Both observations are true – but which leads to a more peaceful and joyful life experience?

And which sees God’s creative hand at work?

Because of my family background, when I was starting out in life, I didn’t think I had much choice in how my life would turn out … and I believed every prospect was bleak.

Because of their own backgrounds, my family reinforced this belief.

So, I was programmed to think, “I’m never going to amount to anything. I’ll never find someone who loves me.”

That kind of thinking is a self-fulfilling prophesy because I always sorted for the negative and found the worst.

But because some very patient people really loved me, I eventually saw that I could make something of myself.

So, then I became driven by my TimeDesign planner.

My motto became, “If it’s to be it’s up to me” leading me to make goals and plans for everything … and I worked hard to achieve them.

I became pretty successful on the outside, but on the inside, I lived with constant anxiety that this was too good to be true and at any moment it would all come crashing down.

When I got involved in church, I was taught that I could let go of that kind of fear because God is totally in charge – everything is under His control.

It was comforting to think that everything is God’s plan – but after a debate about the Afghan war when a friend argued that families in a refugee camp were killed by US bombs that missed their intended target because that was God’s plan for them, I realized that there was something more at play.

We saw it in 2020.

Human sin led to much needless suffering – think of children torn from mothers’ arms and thrown in cages, white supremacists driving into a crowd of protesters, gangs victimizing entire neighborhoods.

That’s not God’s hand.

And we saw how randomness is part of creation.

God most likely didn’t plan for the gene mutation that unleashed the coronavirus, nor did God spark the mammoth forest fires  – but we all suffered because of them.

And then evil is always at work latching onto our fears, amplifying human sin, and exploiting natural chaos – always working against the healing, peace and love God offers.

That’s why we pray, “may Your will be done on earth as it is in Heaven”.

That’s because God’s will is not yet fully done on earth.

But we don’t wait passively for God to fix everything because we are called to be co-creators with God in the midst of the world’s problems.

Eventually, we come to a stage in our faith journey where we understand that at any given moment,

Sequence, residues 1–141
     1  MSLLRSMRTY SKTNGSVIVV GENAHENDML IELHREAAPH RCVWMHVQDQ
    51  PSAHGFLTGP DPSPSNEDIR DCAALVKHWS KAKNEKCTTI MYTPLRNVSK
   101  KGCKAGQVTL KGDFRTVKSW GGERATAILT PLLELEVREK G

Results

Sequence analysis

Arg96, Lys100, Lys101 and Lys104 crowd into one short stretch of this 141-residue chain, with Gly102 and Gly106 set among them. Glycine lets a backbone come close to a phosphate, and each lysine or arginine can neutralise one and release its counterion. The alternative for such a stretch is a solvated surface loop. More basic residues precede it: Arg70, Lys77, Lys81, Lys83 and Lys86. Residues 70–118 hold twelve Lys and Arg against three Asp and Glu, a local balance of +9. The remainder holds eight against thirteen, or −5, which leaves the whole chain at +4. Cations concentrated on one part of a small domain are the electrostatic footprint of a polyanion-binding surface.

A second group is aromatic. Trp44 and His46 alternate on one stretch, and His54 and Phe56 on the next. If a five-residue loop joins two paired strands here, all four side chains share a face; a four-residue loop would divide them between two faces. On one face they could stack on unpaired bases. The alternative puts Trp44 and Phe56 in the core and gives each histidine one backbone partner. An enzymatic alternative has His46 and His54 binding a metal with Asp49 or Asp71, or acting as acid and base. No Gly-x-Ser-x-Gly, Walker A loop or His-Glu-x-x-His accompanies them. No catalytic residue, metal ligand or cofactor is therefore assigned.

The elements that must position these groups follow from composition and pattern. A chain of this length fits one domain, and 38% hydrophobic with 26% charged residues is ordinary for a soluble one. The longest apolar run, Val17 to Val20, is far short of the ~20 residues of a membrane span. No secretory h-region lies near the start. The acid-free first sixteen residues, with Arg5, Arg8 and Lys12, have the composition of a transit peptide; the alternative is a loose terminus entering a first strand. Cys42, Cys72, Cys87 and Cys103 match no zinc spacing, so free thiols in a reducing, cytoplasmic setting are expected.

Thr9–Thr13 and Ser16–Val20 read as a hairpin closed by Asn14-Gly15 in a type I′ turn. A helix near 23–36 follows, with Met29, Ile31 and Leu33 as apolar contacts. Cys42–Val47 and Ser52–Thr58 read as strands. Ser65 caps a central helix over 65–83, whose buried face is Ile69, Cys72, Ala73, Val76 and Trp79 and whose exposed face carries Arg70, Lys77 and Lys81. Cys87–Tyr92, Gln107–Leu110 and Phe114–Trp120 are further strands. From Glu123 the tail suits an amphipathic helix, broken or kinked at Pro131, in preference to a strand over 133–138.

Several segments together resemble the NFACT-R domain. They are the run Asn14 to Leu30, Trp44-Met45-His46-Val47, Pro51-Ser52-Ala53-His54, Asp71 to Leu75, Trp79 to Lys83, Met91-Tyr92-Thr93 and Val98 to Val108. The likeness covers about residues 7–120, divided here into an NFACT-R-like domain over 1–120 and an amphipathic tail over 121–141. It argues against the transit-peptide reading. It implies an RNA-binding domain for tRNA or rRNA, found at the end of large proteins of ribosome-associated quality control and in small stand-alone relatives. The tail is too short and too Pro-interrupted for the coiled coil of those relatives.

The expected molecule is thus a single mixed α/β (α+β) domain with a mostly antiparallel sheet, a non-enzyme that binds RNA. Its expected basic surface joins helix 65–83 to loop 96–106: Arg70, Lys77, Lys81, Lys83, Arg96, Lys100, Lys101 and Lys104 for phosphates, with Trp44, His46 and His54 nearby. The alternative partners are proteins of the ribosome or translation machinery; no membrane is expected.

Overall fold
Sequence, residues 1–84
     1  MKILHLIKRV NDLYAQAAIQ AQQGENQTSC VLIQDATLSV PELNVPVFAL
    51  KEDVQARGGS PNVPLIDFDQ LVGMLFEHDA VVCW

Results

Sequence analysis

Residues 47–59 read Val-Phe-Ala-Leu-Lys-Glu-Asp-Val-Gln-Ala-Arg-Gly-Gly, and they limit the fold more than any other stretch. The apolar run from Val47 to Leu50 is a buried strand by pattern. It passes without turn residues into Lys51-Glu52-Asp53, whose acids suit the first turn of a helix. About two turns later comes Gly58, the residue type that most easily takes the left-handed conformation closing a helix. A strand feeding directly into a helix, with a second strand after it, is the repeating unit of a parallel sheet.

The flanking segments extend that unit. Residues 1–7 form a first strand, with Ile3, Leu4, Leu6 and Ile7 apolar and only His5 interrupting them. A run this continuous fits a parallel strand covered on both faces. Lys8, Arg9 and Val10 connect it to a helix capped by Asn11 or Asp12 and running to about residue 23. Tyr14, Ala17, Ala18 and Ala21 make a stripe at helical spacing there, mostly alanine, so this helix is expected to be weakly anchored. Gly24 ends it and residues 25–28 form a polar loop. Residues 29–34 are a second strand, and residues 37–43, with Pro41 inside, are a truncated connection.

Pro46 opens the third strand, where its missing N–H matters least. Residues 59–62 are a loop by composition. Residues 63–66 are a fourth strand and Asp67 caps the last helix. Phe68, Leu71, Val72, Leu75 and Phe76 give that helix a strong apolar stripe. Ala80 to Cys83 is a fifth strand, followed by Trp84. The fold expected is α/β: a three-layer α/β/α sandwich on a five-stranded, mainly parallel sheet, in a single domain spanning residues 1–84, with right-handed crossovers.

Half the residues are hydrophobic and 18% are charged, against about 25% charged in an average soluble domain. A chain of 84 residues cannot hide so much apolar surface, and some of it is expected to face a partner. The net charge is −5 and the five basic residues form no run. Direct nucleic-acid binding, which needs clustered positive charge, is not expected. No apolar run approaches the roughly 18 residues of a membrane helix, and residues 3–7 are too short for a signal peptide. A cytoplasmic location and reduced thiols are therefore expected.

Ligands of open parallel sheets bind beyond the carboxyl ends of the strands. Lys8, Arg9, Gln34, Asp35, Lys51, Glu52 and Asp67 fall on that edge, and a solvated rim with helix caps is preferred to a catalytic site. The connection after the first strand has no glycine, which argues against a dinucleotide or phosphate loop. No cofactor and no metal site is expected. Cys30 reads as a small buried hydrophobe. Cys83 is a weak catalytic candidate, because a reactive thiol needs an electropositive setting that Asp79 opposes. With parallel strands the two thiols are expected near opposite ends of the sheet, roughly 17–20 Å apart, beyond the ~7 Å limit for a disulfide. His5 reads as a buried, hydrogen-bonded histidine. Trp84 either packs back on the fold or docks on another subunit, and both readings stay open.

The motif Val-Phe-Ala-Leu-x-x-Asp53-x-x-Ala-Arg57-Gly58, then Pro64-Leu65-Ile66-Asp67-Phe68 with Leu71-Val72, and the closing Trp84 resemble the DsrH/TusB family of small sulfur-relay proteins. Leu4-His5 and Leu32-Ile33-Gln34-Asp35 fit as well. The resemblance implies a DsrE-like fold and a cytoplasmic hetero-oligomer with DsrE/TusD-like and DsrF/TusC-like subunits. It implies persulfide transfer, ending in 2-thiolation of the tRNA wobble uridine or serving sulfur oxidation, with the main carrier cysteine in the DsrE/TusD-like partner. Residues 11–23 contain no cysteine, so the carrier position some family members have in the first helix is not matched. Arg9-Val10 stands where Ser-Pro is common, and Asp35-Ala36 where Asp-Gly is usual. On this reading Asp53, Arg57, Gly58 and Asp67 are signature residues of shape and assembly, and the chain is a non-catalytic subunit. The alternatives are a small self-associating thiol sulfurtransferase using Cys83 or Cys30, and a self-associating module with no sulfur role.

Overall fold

we stand amidst all those competing forces of life – sin, chaos, evil, and God’s constant presence of love.

And that’s where our choice is – which of those will we give our attention and energy to?

By the way, that’s what faith means.

Faith isn’t head stuff – it’s what we actually give our time, energy and allegiance to.

Once we see that God is with us, then we can stop acting like victims of circumstances and we can release the anxiety-driven belief that we’re going it alone.

God has a plan to bless, but our busyness, fears and pressures from the world often blind us or distract us from what God is up to in any situation.

The correct response to the problems you’ll go through this new year is to look past the pain to the purpose.

2 Corinthians 4:17 This is the reason we never lose heart.  These troubles which are temporary are winning for us a permanent, glorious, and solid reward all out of proportion to our pain. 

Look past the pain and see God’s purpose – how you’ll mature by overcoming your fear, how you’ll grow by experiencing how God will see you through a plan He has for you – may be something you think is beyond your ability – and how you can bring hope and support for someone being overlooked by the world.

Because God says my problems have a purpose, I can relax because no matter what happens God’s going to create a plan of blessing out of it.

So, this year, let’s shift our prayer from “God, bless what I’m doing”, to “God, help me to do what You are wanting to bless”.

We don’t even have to know the endgame: we just know God has a plan of blessing and so just pray, “What’s next God?”

What’s the next step you have for me in my family?

What’s the next step you have for me in my job?

What’s the next step you have for me in any part of my life?

In a recent UCC daily devotion the author used the phrase, “If we see you are here, O God, we can get through this.”

I wonder how many lives would have been healthier, less anxious, and more peaceful in 2020 if they could have seen God was with them and so they could get through it.

For me, this is the point to keep in mind this coming year: “If we see You are here, O God, we can get through this.